But the tide shifted after Pelosi announced the impeachment inquiry against Trump on Tuesday. Politico reported afterward that the White House was preparing to release the complaint to Congress by the end of the week. Trump also announced earlier Tuesday that he would release a transcript of his phone call with Zelensky.
Weld said Trump’s conduct constituted removal from office. “You have the sitting president of the United States essentially selling the results of the presidential election in which he’s the candidate,” he said.
Walsh, meanwhile, said he was more taken aback by congressional Republicans who “claim that they believe in the rule of law” and “limited government.” He went on to call the “party bosses” a “cult.”
“They have abandoned everything they believe in to worship this guy every single day,” he said.
No Republican member of Congress publicly supports impeaching Trump. Rep. Justin Amash of Michigan used to identify as a Republican but switched his affiliation to independent after facing swift backlash from GOP lawmakers for supporting an impeachment inquiry.
Walsh and Weld split with Trump on trade and climate change
“Mr. Trump thinks that when he slaps a tariff on China, it’s paid by China back in Beijing,” Weld said. “It’s not – it’s paid for by American farmers or American businesses or individuals who need to import something from China that contains steel or aluminium, and everyone knows it.”
Walsh echoed that criticism, blasting Trump’s erratic economic policy as damaging to the nation’s economy.
“The uncertainty, the hour-by-hour ‘where is this president going?’ has everybody in the business community on edge,” Walsh said. “They’re not investing, they’re not hiring. This is where your slowdown is coming from.”
On climate change, both Walsh and Weld argued that the GOP needed to take the threat more seriously.
“This is the issue that concerns most young Americans,” Walsh said. “Republicans have to acknowledge that it’s real.”
Weld, who calls himself an environmentalist and favours government regulations to protect the environment, spoke in favour of one such solution in the form of a carbon tax on emissions, which he argued would incentivise businesses to cut their emissions.
The former lawmakers also zeroed in on Trump’s immigration policies and said that while illegal immigration was a serious and sustained problem in the US, it should be addressed humanely and without crossing legal boundaries, as the Trump administration has been accused of doing.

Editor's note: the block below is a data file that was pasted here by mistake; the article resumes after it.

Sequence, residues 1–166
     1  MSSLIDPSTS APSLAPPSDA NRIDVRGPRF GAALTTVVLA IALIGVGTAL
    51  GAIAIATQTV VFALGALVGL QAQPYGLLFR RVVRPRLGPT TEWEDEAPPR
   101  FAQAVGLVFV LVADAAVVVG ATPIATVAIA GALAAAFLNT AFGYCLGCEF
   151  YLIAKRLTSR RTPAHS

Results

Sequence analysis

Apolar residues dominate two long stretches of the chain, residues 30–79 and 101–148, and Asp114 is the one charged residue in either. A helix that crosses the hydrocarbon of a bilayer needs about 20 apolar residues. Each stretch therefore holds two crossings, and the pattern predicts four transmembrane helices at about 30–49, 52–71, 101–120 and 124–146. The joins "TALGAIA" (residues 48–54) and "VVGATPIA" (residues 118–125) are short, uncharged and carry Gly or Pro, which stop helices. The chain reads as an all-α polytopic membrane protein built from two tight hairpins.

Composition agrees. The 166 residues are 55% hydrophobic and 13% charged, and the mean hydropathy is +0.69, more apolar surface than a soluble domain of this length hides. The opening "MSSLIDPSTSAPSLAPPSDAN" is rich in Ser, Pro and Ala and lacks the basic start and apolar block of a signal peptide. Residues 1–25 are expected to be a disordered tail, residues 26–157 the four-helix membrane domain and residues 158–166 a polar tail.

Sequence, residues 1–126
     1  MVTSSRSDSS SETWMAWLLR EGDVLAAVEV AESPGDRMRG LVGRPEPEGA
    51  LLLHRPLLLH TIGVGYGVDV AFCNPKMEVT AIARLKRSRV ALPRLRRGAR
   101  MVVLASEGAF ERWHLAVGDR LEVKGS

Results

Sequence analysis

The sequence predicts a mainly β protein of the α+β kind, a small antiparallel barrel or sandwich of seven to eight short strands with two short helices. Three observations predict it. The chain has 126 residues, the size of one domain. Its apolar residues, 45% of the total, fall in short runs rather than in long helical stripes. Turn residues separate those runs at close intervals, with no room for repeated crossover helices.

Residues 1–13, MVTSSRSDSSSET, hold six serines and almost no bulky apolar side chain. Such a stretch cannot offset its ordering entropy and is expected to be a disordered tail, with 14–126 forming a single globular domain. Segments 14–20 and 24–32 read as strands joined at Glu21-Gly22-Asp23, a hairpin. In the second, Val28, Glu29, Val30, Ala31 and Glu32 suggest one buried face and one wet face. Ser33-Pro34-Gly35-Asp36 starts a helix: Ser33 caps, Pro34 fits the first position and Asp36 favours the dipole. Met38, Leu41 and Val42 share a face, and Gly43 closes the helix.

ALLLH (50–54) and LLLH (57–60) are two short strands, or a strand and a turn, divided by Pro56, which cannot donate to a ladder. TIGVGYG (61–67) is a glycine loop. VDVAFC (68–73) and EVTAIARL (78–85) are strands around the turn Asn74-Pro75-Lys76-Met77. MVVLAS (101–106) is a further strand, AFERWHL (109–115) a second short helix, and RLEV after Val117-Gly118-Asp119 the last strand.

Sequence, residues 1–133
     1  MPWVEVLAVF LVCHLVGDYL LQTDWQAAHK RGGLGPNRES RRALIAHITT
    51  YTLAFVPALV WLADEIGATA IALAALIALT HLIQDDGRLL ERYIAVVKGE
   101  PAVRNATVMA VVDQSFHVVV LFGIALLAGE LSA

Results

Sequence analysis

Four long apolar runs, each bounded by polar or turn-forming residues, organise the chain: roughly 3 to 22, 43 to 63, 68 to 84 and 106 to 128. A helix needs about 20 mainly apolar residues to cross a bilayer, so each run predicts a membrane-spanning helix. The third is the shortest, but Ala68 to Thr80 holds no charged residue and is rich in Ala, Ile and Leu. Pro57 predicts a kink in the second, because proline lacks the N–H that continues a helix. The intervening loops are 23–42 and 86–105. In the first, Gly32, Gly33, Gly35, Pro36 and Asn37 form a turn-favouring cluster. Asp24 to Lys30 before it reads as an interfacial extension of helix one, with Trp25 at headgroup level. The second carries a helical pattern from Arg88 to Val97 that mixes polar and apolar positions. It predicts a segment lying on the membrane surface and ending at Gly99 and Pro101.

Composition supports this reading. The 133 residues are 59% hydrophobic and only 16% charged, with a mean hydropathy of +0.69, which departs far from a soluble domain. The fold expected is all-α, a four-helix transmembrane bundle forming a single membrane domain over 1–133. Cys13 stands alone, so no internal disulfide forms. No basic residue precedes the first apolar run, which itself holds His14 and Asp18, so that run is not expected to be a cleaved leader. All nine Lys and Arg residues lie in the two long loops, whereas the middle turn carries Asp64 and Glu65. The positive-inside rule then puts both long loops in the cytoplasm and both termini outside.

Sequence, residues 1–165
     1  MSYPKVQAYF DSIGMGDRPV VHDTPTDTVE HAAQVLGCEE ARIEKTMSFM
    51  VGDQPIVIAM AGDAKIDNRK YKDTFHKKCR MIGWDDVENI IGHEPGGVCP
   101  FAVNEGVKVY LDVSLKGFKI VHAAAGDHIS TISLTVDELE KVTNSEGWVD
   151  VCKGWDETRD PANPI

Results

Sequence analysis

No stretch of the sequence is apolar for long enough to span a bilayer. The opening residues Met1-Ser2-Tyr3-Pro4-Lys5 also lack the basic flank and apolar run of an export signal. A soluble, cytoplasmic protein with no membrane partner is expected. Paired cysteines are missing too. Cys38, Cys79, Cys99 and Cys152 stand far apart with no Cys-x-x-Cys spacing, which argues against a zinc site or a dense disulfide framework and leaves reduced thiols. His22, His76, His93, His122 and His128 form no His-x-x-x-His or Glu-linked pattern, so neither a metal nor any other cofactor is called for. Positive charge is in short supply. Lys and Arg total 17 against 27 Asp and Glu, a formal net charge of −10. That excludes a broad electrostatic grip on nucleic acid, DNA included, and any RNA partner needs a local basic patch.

They also took aim at Trump’s treatment of the independent press.
“He doesn’t respect the First Amendment,” Walsh said. “He doesn’t know what the First Amendment is. Dictators speak that way.”
Weld largely agreed.
“When the president said a free press is the enemy of the people, that’s straight out of the handbook, or the playbook, of Benito Mussolini and Adolf Hitler,” he said. “It sent a chill down my spine.”
Both men drilled down on tearing into Trump in their closing statements as well.
“We have begun to see in the last two months, him coming unglued, and it’s time for him to be removed – that’s what’s going to save us all,” Weld said. “It’s not going to be Donald Trump. It’s going to be the absence of Donald Trump.”
Though Trump has maintained strong support among his base and impeachment is still thought to be unpopular among the general American public, Weld expressed doubts about Trump’s chances in the 2020 election.
He said the timing of Democrats’ impeachment inquiry meant the president would be inundated with unflattering headlines entering the most critical time in the campaign. “That’s going to be hard to disregard, because it’s going to be on page one of all the newspapers,” Weld said.
Walsh struck a more urgent tone.
“I helped create Trump, period,” he said, adding that Trump “hasn’t done squat” for Republicans who voted for him.
“Donald Trump said he was going to drain the swamp – he is the swamp,” Walsh said. “We have to do better than a president who tweets ugly insults every morning at the American people. We have to do better than a president who lies to us every time he opens his mouth. We’ve got to do better than a president who has zero respect for the rule of law.”
Grace Panetta and Joseph Zeballos-Roig contributed to this report.